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Go Back   SailNet Community > Skills and Seamanship > Weather
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  #141  
Old 02-04-2014
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Re: Hurricane Preparation

Where I live, we probably go through more hurricanes than any place on earth. My boats have survived three of them at anchor, two Cat I's and one Cat III, with only very minor damage.

I was between sailboats for Katrina, and probably 98 per cent of the boats here were destroyed (mostly by not being prepared for the 30 plus foot surge, rather than the wind). But, I had a friend who rode it out successfully on a gigantic storm anchor, who even stayed on his boat (I wouldn't have). His biggest concern, he said, was not the wind, but rather the hundreds of boats he watched get blown by his boat, during the storm.

The main thing, is to have a plan, before a named storm is heading your way. Pick out your hurricane hole, and a back up, and go explore them with a sounder. Pick out exactly where you will tie your lines, put out your anchors, etc. Having a smaller boat with an engine is really handy, for running out lines and anchors easily, and for getting back if your hurricane hole is in the sticks, which most good ones are.

Strip off the sails, canvas, dodgers, and biminis: they will be damaged or destroyed if you leave them on. Windage is your enemy. I always run my spare halyards as back ups to the forestay. I don't know if it helps, but it has never hurt.

They are survivable by your boat. We survive them on a regular basis here, mostly from having learned what to do and not do, from trial and error.
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  #142  
Old 02-04-2014
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Re: Hurricane Preparation

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Originally Posted by Group9 View Post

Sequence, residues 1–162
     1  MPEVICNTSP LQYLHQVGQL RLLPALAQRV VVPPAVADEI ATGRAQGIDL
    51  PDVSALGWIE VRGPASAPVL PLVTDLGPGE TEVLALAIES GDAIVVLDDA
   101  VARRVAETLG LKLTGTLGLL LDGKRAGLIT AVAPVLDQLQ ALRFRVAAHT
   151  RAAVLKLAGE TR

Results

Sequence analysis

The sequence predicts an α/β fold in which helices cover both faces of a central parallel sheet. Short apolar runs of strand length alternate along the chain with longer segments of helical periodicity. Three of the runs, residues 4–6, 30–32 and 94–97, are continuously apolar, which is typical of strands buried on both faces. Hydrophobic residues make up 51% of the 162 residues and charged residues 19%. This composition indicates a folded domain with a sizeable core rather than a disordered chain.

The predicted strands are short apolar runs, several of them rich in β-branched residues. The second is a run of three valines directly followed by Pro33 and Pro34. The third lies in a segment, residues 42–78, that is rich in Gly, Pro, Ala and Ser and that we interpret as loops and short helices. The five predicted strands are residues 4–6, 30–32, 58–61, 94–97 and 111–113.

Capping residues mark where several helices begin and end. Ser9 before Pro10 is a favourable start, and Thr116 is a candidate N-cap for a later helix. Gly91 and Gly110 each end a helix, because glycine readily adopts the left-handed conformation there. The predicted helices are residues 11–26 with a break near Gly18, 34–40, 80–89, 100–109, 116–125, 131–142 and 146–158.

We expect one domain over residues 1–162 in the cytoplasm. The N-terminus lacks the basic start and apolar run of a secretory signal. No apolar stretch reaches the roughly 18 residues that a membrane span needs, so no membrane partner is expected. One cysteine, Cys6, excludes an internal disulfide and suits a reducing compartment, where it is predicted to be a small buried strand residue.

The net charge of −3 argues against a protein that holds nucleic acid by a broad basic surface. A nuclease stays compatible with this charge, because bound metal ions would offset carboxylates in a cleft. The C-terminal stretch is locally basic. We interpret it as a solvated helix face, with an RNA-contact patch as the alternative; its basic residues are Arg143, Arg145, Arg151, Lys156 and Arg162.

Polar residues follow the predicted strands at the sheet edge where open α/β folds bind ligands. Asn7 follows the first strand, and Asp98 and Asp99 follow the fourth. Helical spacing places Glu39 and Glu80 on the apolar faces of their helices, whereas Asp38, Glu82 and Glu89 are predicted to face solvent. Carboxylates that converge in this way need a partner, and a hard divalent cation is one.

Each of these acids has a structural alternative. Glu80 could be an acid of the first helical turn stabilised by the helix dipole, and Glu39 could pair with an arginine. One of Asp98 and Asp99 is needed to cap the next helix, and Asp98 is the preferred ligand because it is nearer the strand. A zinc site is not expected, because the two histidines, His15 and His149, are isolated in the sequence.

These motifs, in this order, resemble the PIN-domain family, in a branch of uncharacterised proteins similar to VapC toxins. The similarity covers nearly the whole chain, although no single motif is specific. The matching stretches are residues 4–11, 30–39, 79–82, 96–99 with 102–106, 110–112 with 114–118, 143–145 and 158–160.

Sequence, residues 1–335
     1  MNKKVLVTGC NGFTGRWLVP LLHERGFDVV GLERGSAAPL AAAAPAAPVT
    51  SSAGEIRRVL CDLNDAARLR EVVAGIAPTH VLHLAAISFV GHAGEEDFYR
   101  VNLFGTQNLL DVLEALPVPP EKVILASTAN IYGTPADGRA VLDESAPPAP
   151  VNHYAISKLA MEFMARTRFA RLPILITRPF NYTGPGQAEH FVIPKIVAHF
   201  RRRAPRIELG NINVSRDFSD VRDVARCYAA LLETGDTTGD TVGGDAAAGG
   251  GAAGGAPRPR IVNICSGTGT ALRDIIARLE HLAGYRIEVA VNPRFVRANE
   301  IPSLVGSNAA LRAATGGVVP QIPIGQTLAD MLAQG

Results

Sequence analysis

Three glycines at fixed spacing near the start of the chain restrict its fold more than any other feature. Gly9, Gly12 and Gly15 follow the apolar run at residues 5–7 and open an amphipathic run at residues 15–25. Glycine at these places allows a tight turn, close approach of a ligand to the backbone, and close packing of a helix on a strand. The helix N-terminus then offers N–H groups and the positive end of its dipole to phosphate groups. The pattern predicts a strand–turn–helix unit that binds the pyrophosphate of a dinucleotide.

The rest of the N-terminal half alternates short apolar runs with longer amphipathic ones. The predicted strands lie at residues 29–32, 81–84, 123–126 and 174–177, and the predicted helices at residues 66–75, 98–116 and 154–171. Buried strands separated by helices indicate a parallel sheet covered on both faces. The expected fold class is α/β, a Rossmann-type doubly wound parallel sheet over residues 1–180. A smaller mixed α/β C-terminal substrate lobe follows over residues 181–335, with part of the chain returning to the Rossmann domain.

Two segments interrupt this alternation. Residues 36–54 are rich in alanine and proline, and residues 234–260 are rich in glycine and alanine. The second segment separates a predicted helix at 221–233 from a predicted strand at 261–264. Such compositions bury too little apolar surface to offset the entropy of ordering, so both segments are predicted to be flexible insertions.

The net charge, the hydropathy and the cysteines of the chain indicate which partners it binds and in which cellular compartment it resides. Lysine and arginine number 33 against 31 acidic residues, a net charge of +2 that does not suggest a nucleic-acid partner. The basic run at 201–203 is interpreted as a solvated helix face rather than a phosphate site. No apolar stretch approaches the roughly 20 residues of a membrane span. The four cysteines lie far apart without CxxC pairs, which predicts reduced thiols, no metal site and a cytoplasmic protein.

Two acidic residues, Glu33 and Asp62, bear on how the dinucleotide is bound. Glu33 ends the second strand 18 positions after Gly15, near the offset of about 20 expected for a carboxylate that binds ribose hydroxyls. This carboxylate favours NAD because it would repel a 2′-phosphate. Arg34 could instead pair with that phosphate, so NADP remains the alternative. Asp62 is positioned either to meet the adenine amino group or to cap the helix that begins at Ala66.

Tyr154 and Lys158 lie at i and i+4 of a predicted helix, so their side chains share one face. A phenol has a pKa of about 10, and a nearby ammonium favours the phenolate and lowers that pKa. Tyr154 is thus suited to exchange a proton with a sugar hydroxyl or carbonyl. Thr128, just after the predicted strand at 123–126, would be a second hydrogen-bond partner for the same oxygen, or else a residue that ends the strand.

The main thing, is to have a plan, before a named storm is heading your way. Pick out your hurricane hole, and a back up, and go explore them with a sounder.
I would only add that you consider how your hurricane hole might be cut off by silting or flood debris due to surge - or runoff of the extensive rains through creeks or rivers. When your boat survives you have to be able to get it back to deeper water.
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  #143  
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Re: Hurricane Preparation

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I would only add that you consider how your hurricane hole might be cut off by silting or flood debris due to surge - or runoff of the extensive rains through creeks or rivers. When your boat survives you have to be able to get it back to deeper water.
That can come later, if it survives. I know of a Cape Dory 33 that survived Katrina up in a canal, that was trapped in it for almost a year, because so many trees had fallen across the canal and blocked it. But, we weren't doing much sailing for a year after Katrina, anyway (too much debris in the water).
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